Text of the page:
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Posted by John Hipchen on February 25, 2015


As a manufacturer of electric vehicle charging stations, we at Telefonix believe that our commercial EVSE units, specifically designed for longer duration / workplace charging, play an integral role in the adoption and proliferation of plug-In electric vehicles. Although the study of emissions and climate change is not our expertise, we strive to do our best to understand environmental science and stay educated on the subject.


News hit the media at the end of 2014 stating that coal-generated electricity actually made EV’s more detrimental to human health relative to gasoline-burning vehicles. One article from AP referenced a University of Minnesota study and claimed, “If it comes from coal, the electric cars produce 3.6 times more soot and smog deaths than gas, because of the pollution made in generating the electricity…” The article went on to say, “The study finds all-electric vehicles cause 86 percent more deaths from air pollution than do cars powered by regular gasoline.”


We did not necessarily agree with this assessment and have always believed when getting into this business that we were part of the advancement in clean energy transportation. As a result, we decided to look closer at emissions from EV’s and compare them to gasoline burning vehicles. According to the press, coal-generated power was responsible for the excessive EV emissions. Therefore, we focused our attention on CO2 emissions from both power generation and vehicles. We were curious what the difference is for emissions from coal-generated power vs. emissions from the average of all power plants (the “U.S. Fleet Average”). We learned during this effort that a comparison of EVs to conventional gasoline vehicles can be easily skewed by the type and size of vehicles used in the comparison. To ensure a valid comparison of similar vehicles, we compared a Ford Focus Electric to a conventional gasoline 2.0L Ford Focus.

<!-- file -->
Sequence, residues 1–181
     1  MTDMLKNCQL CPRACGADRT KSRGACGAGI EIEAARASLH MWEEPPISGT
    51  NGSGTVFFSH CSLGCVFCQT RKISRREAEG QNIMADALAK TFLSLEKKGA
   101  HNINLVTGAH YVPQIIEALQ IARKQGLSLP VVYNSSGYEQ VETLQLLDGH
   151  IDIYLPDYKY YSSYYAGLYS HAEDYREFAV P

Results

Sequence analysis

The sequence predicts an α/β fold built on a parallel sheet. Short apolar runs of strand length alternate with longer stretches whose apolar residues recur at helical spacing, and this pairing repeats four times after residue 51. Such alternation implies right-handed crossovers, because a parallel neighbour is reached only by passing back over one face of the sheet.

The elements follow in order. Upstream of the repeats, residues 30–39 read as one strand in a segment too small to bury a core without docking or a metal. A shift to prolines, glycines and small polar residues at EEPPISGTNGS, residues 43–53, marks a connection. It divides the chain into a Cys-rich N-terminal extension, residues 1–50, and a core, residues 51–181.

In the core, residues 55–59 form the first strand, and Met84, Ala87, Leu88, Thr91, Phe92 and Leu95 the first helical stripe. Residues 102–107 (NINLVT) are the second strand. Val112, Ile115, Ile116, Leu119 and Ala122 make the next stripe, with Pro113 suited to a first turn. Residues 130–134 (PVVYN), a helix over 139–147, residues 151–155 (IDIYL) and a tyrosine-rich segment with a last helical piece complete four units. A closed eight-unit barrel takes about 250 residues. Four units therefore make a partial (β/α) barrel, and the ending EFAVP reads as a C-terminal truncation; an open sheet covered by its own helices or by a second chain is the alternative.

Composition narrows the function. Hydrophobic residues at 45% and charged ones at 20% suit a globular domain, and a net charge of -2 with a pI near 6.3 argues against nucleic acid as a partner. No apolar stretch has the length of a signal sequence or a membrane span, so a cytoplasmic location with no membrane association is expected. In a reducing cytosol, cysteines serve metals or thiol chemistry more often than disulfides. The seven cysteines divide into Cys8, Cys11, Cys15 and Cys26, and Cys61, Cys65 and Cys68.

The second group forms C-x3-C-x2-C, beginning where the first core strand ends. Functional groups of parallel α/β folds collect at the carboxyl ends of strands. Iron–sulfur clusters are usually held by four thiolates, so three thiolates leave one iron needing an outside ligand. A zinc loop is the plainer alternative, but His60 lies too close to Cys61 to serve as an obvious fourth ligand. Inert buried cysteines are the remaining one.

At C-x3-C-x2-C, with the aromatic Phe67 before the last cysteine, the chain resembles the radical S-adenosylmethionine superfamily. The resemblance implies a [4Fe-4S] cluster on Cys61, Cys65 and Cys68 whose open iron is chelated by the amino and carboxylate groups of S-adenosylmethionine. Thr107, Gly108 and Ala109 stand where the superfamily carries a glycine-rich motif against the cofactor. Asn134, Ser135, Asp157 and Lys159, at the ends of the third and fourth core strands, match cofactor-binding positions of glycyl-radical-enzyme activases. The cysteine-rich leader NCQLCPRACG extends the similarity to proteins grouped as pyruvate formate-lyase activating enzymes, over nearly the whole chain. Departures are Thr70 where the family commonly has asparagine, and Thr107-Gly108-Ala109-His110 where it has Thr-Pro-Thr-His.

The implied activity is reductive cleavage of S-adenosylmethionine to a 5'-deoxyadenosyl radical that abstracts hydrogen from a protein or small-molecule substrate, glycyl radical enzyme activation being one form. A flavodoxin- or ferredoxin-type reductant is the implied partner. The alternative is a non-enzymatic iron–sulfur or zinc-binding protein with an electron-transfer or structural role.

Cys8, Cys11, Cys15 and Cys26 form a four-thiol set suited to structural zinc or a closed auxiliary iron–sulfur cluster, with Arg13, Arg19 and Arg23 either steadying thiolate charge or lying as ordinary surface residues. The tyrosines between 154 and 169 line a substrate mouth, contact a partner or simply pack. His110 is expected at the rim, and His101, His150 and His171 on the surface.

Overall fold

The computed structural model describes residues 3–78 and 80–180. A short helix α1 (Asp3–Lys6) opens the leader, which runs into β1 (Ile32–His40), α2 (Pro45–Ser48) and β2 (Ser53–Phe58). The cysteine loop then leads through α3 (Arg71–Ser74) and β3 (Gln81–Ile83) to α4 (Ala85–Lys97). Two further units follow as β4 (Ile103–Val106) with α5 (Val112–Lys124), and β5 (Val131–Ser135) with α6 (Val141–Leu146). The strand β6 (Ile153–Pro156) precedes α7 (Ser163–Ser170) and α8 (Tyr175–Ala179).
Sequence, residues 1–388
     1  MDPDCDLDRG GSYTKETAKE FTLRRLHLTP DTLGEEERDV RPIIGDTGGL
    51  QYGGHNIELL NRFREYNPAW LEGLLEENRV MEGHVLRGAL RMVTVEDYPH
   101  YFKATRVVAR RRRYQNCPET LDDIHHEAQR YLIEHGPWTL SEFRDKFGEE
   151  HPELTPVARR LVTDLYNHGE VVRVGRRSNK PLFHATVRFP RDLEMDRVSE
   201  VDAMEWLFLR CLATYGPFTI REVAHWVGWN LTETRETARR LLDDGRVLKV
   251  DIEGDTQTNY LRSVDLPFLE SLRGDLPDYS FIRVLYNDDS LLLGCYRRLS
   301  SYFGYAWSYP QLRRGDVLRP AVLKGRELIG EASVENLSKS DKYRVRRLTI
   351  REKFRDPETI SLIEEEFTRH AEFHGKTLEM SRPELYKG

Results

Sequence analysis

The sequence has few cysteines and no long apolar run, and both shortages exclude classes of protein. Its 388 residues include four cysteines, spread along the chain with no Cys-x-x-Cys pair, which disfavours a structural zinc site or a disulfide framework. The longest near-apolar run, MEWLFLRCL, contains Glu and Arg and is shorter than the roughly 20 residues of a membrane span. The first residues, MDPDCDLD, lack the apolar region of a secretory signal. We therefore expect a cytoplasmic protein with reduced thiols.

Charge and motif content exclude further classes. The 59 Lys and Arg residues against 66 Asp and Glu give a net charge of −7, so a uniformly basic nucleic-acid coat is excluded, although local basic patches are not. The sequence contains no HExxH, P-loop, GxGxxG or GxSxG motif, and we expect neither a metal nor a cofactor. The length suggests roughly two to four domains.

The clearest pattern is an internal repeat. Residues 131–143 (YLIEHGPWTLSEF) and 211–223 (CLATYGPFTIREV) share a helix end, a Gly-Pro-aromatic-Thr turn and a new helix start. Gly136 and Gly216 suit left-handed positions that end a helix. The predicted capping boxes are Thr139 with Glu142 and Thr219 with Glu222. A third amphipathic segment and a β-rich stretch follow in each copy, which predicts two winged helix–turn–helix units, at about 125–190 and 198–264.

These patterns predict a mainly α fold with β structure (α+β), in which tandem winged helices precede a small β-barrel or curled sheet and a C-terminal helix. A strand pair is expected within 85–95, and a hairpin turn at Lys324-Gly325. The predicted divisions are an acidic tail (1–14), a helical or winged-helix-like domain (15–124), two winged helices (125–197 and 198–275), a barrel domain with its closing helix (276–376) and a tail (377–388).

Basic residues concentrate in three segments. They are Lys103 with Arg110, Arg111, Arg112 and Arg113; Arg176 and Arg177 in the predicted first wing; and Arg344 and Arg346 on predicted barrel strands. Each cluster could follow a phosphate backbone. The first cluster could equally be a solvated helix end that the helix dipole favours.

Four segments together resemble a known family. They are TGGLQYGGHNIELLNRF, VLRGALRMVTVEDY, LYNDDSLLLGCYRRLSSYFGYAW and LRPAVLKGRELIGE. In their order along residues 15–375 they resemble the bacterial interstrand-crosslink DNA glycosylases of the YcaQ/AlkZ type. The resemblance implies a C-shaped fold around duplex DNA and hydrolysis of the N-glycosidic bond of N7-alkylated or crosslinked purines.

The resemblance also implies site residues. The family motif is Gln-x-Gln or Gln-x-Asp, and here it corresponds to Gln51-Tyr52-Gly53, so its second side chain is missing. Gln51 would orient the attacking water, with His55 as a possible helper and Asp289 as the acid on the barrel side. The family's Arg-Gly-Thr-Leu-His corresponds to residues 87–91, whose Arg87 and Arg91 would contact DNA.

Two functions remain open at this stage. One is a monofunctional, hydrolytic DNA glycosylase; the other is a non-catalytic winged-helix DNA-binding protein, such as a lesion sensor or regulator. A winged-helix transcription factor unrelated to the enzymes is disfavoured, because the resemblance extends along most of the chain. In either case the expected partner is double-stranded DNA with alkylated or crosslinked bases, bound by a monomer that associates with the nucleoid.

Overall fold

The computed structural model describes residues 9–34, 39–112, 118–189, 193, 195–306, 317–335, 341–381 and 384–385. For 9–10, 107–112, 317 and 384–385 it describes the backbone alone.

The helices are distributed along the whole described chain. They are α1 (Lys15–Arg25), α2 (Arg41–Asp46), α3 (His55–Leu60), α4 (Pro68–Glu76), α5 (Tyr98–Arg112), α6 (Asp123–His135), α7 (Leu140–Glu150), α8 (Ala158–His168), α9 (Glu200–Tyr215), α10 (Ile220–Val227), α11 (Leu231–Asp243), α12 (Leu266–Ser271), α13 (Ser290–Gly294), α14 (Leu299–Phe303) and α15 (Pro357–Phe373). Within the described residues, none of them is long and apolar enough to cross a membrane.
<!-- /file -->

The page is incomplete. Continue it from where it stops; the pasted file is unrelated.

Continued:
Our conclusions did not match those on the news wires. When using 100% coal-generated power, we concluded that total CO2 emissions from the Ford Focus Electric will be 31% less than the conventional 2.0L Focus. When we used power plant U.S. Fleet Average emissions, the numbers jumped in favor of electric vehicles by a factor of more than 2.


Here is a point-by-point summary of what we found when we compared a 2015 Ford Focus Electric to a 2015 2.0L Ford Focus:



Looking ahead, we see (1) decreasing usage of coal, (2) increased use of power generation from sources such as natural gas, nuclear and renewables and (3) increased efficiency of electric vehicles. In other words, as the grid gets cleaner and EVs become more efficient, the emissions argument slants even further in support of EVs. In a New York Times article last year (“Coal Fades, So Electrics Get Cleaner” on September 21, 2014), Ford Motor spokesman, Aaron Miller said, “Using our database of zip codes and energy generation, we find that roughly 34 percent of all charging is done by renewable or carbon-free sources.” This picture is considerably different than just 2 years ago and the trend continues to move toward more carbon-free sources of energy.


We see electric vehicles fitting nicely into a clean and more sustainable future. To that end, we remain committed to furthering the adoption of electric vehicles and the necessary EV charging infrastructure as well as providing EV charging to our own employees at Telefonix.


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